CBD acts on specific receptors within the body and is therefore essential for taking the therapeutic benefits into account. In the brain, while THC binds with CB1 and CB2 receptors, the effects of CBD are more indirect. Therefore, for example, within the immune system, CBD acts on the CB2 receptors without actually binding. The evidence is continuing to emerge of CBD also acting on additional brain signaling systems that help exacerbate the therapeutic benefits.
CBD and the Endocannabinoid System
CBD activates the ECS to maintain your dog’s normal body function. Whether it is pain, inflammation, anxiety, or cancer, CBD works naturally with the ECS to help keep your dog’s body systems functioning in order to keep them healthy.
One of the most effective uses of CBD in conjunction with the endocannabinoid system is as a method of pain relief. CBD also has anti-inflammatory effects, as previously discussed. As a result, the dogs that are dealing with chronic pain often find CBD a helpful way to manage pain.
But what about more severe ailments? Surprisingly, CBD may have a helpful effect combating cancer. The anti-proliferative and pro-apoptotic effects of CBD can interfere with such processes as tumor growth, cancer cell migration, and cancer metastasization. Although CBD should certainly not be mistaken for a cure or substituted for traditional cancer treatments, patients and dogs may find these effects useful.
It is an interesting fact that while tetrahydrocannabinol (THC) has been considered a risk factor for the development of psychological disorders, CBD carries no such risk, and indeed, no psychoactive effects. In fact, tests have actually identified antipsychotic properties in CBD.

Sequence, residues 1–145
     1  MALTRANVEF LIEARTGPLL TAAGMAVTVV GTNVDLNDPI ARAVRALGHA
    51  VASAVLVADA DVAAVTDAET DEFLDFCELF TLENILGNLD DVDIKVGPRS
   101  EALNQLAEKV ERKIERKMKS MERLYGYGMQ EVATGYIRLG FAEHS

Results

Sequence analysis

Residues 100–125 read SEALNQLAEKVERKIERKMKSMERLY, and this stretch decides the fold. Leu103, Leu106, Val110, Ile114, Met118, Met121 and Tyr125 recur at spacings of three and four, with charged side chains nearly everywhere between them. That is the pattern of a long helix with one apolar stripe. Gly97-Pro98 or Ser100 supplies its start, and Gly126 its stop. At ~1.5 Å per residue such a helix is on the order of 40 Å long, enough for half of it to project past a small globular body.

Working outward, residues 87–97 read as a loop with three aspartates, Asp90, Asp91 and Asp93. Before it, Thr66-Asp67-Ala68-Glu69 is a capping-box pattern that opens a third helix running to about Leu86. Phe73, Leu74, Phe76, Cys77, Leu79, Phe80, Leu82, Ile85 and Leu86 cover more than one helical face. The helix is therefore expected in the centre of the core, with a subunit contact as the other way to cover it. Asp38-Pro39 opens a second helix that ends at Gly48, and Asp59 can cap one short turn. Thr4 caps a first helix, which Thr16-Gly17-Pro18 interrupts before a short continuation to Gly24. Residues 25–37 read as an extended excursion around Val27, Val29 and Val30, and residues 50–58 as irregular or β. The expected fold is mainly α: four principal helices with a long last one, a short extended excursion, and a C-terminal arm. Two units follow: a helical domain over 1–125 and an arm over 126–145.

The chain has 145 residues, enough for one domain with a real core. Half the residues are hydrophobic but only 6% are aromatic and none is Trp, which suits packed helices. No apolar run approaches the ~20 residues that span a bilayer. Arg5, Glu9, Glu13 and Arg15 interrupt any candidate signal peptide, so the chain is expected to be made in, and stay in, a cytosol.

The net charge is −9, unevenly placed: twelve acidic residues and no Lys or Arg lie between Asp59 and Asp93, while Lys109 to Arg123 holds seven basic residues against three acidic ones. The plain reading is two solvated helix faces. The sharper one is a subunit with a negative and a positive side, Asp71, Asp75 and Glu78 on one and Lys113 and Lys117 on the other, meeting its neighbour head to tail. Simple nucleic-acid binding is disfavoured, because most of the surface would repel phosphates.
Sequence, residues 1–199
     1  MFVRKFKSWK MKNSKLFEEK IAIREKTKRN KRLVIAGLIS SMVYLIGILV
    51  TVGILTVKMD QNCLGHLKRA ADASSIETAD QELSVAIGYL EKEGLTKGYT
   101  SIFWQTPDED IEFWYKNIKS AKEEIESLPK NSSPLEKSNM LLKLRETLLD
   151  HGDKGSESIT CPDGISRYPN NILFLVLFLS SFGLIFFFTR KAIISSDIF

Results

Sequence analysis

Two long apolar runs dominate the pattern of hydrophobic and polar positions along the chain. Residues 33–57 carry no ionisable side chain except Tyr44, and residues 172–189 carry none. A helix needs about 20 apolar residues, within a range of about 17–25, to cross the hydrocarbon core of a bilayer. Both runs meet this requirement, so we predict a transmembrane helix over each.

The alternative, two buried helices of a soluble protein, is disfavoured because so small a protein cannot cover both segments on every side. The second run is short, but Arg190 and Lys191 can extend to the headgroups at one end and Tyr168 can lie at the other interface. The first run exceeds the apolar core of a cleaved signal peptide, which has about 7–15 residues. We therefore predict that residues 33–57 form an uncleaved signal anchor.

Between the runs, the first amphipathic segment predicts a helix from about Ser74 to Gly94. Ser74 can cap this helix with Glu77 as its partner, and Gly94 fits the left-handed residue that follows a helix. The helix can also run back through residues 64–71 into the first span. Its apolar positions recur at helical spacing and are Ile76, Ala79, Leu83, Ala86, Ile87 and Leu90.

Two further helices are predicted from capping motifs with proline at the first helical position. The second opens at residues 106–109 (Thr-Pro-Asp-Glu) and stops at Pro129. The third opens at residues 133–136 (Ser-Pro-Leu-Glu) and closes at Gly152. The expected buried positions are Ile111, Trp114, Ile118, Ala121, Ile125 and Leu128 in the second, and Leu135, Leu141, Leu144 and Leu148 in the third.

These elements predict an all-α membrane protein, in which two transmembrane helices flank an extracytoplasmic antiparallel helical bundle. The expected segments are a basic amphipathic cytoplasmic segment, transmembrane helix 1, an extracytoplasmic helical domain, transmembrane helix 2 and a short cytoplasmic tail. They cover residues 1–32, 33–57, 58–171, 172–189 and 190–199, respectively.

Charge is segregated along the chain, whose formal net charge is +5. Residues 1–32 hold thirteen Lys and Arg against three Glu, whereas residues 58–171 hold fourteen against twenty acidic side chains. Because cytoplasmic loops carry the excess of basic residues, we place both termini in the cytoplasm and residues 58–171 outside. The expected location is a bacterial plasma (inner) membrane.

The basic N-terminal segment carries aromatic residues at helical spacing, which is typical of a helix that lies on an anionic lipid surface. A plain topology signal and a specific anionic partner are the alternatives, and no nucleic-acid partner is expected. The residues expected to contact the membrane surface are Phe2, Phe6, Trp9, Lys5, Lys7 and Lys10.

On a similar note, we have already discussed the anti-anxiety effects that may be achieved when the body’s endocannabinoids (specifically, the CB1 receptors) are triggered. Because CBD does not produce a psychoactive effect, it is an effective way of stimulating those receptors without producing an anxiety-inducing state.
Though endocannabinoids are naturally occurring in the body, in some cases the endocannabinoid system will produce too few of them. This is known as endocannabinoid deficiency, and it is a phenomenon that is only just beginning to be explored. However, signs already point to a wealth of knowledge to be gained, and a tremendous opportunity for CBD to play a role.
The idea of ill effects on the body caused by endocannabinoid deficiency was first proposed by Dr. Ethan Russo, certified neurologist and Medical Director at Phytecs biotechnology company. Dr. Russo postulated that, just as other neurotransmitter systems in the body have pathological conditions that can be attributed to their deficiency, a deficiency in endocannabinoids could contribute to or exacerbate a number of conditions.
According to Dr. Russo, an endocannabinoid deficiency is most likely to contribute directly to hyperalgesic effects—in other words, to pain. Consequently, endocannabinoid deficiency has been linked to physiological responses. These painful conditions and many others can make it difficult to lead a normal, happy life.
One of the most promising ways to reduce symptoms associated with endocannabinoid deficiency is through the use of CBD.